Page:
Greece has reportedly dropped plans to claw back revenues from the pharmaceutical industry as a way of covering the country's outpatient drug overspend, which has already reached 250 million euros so far this year.

An automatic clawback system of rebates on drugmakers' turnover, aimed at guaranteeing that outpatient drug spending did not exceed budget limits, had been proposed as part of a package of measures seeking to slice 1 billion euros off Greece's drugs bill for this year. The proposal has been fiercely opposed by manufacturers, which have protested to the Council of State and warned that the move would be "a step too far across the line and contrary to the rule of law." 

Industry group the Hellenic Association of Pharmaceutical Companies (SFEE) also points out that the government already owes drugmakers around 2 billion euros in unpaid bills, plus a further 1 billion euros resulting from the "haircut" on government bonds.

Consequently, Greece's "troika" of creditors - the European Central Bank (ECB), the European Union (EU) and the International Monetary Fund (IMF) - have now put forward new requirements to cover the country's massive overspend on outpatient prescription drugs, ahead of the next round of bailout funding. These are reported to include tougher monitoring of prescriptions, possibly leading to cost ceilings per prescriber, and moves to speed the market entry of generic drugs.

Also, the delayed new drug price bulletin - it was due to be introduced in September - will now come into effect on October 22 and is expected to produce savings of at least 300 million euros a year, according to government officials. It is anticipated that the list will contain fewer patent-expired drugs but also that a number of innovative new medicines, including some cancer treatments, whose inclusion had been expected will not now appear on the list.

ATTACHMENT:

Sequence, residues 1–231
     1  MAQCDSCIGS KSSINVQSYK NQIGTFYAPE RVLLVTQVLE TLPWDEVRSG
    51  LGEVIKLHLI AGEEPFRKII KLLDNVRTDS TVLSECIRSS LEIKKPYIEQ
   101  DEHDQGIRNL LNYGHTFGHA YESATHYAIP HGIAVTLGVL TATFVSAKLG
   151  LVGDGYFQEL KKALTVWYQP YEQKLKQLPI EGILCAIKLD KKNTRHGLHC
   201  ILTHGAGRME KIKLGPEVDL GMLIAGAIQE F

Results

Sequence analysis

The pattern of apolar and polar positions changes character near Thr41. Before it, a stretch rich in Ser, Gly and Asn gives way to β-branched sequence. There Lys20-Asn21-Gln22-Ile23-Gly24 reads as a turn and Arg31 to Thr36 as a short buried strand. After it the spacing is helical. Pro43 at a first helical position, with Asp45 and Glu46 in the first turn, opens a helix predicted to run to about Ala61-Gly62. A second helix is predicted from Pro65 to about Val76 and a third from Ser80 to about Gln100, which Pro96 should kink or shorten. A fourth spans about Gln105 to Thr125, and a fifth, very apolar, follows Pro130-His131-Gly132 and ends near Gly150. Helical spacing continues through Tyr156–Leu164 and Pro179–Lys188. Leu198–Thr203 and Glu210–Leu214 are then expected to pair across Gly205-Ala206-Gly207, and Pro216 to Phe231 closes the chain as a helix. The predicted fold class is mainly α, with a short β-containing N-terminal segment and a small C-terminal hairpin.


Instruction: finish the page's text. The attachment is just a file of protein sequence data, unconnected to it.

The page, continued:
And on October 1, a new measure was introduced which requires doctors to prescribe medicines by generic name only, and for patients to pay a higher contribution to the drug's cost if they are unwilling to accept the cheapest version available. The Health Ministry has said that the move will boost the use of generics and save around 150 million euros a year, but critics point to the reluctance of consumers to accept generic rather than branded drugs, and of doctors to prescribe them.

Meantime, SFEE president Konstantinos Frouzis has called for a “stability pact” between the Greek government and the pharmaceutical industry.

Speaking after meeting with German Chancellor Angela Merkel this month, Mr Frouzis said the industry is “willing and ready to support the government’s efforts towards growth, through such structural pillars of the pharmaceutical industry as investment in research and through our crucial contribution to output and employment."

In order to fulfil this role, he stressed the need to address the industry's losses resulting from unpaid bills and government bonds, also market liquidity and the financing of the EOPYY, the national organisation for healthcare.

"The government and the pharmaceutical industry should and could agree on a stability pact for the coming years, enabling a comprehensive approach and aiming to support the government in its effort to meet its targets and achieve recovery of the Greek economy. On the other side, the industry should ensure its viability in a more predictable healthcare environment," said Mr Frouzis.

This would, he suggested, be "a worthwhile effort, as it will ensure Greek citizens' healthcare and access to innovative treatments, while at the same time safeguarding social cohesion."